Bank Account

A bank account that is opened by two or more people is called a joint account. It is usually open to a group of friends or couples. A joint account can be opened by up to four people. It is usually open to sharing expenses for a household, which may include paying bills, funding a business, or both. Sometimes it can be opened to lend money.

You should know something about a joint account. It is recommended to open a joint account with someone you trust. If you open a joint account with someone, they have the right to deposit money into that account, withdraw cash from that account or even close that account without your knowledge or consent. You will repay a bank overdraft that is incurred by your joint account holder, along with some other debts. Having a joint account can cause tax issues and make it difficult for couples to reconcile during a divorce. Find out who the owner of the money is in a joint account.

The account owners usually share 50-50 of the funds in a joint account. If you want to open a joint account, you should trust your account holder and be knowledgeable about how he spends money. You should be aware of how much money he/she makes and how often it’s made. Let’s see how to open a joint bank account.

How to open a joint bank account?

The process of opening a personal and joint bank account is the same. To open a joint bank account, you and your co-owner need to be present at the bank. After that, you and your joint account owner will be asked to fill out a form. You will have to show proof of address or a utility bill after that. There will be a request for proof of identification. Your driver’s license, national identity card, voter’s card, or any other government-approved identity could be included. 

The account holders will sign the terms of the joint account. How the money will be shared among surviving owners if an account holder dies, who is responsible for paying bank overdrafts, and so on are some of the things that may be included in these terms.

Joint Bank Account Rules: Who Owns What?

Bank Account Rules

Except for the account agreement states otherwise, every joint account owner has an equal share of the money. How much each account holder deposits or how often he/she deposits money doesn’t affect the share of each account. One of the account holders may be called the primary holder, but that doesn’t mean they own more than another account holder.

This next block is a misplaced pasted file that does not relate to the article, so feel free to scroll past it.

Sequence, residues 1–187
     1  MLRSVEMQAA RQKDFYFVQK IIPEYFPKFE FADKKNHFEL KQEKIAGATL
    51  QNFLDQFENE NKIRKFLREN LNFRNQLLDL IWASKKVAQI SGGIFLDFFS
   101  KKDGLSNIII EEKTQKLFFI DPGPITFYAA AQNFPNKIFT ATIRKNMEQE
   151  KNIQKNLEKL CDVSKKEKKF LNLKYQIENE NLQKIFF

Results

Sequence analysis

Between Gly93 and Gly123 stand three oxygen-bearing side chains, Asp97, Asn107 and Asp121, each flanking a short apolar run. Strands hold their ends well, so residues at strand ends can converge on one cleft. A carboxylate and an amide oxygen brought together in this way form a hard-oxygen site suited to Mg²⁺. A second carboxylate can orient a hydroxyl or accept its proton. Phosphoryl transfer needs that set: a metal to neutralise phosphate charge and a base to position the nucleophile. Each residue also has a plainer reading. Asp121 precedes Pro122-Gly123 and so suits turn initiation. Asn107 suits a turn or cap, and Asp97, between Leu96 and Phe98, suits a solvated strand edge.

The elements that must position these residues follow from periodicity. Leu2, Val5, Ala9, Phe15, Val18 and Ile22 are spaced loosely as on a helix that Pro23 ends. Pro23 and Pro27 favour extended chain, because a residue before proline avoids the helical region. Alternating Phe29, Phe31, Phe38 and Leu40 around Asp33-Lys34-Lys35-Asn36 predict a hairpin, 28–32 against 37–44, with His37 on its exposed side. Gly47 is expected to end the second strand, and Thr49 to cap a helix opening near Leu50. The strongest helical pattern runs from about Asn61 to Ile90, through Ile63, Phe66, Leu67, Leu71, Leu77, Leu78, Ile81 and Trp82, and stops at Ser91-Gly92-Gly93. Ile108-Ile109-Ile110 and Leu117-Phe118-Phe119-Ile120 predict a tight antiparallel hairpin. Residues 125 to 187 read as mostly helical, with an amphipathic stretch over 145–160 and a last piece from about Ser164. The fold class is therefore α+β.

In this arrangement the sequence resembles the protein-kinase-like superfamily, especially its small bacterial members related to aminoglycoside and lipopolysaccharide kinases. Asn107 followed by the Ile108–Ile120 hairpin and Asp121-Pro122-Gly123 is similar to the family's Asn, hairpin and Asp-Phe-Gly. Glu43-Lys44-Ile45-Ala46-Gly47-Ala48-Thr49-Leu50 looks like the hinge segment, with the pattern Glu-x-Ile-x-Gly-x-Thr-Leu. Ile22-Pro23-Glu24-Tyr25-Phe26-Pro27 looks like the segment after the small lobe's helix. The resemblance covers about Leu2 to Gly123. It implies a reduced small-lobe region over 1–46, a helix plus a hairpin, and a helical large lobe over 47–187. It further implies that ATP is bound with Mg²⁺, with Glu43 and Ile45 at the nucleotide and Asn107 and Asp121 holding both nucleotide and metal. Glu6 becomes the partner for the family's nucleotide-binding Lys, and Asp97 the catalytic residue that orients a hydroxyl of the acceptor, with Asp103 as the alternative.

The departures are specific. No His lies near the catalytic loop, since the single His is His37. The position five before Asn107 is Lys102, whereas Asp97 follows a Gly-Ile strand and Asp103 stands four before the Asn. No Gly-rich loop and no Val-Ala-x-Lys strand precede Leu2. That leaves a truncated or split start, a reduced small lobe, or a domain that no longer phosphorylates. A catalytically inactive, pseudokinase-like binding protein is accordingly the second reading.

Any joint account holder can close the account at any time, except that there is a restriction in the agreement. A lot of trusts is needed between account holders when opening a joint account. Your account holder can not remove you or add another account holder without your permission. In some banks, your joint account holder won’t be allowed to transfer all the money in the account without your permission. By consistently checking accounts and approving automatic joint account notifications, the excesses of a joint account holder can be put to rest. Have you thought about what would happen if one of the account owners died? Wonder not, read on, and discover for yourself.

What happens if a joint account holder dies?

The terms of the agreement that was signed when the account was opened determine how money is shared in a joint account. Make sure you trust your account owner and read through the agreement before signing it. There are two ways in which the surviving account holders share their money. 100% of your joint account funds will be taken by your joint account holder on the day of your death if the terms of a joint account agreement read “right of survivorship”. The account funds go to the account beneficiaries if all the owners of the joint account pass away. When a joint account is opened, the beneficiary’s names are written. If you agree to the right of survivorship, your funds will be theirs if you die.

On the death of one of the account owners, his/her share of the money is distributed according to his will if the term of the agreement reads “tenancy in common.” The account owner’s share will go to the state law if he doesn’t have a will. Before any of the terms of the agreement can be carried out, there must be a death certificate. When the right of survivorship is used, the surviving account holder can make changes to the account beneficiaries and the terms of the agreement.


It’s easier for couples to manage household expenses if they open a joint account. The money in the joint account is usually a lot so it yields more interest than an individual account. When there is no trust between the account holders, its disadvantages are greater. If your fellow joint account owner has debts, his/her creditor could seize the account. You will take part in repaying the bank if your joint account owner incurs a bank overdraft. To pay off your debts money can be moved from your personal account to your joint account by the bank if you have a personal account in the bank.

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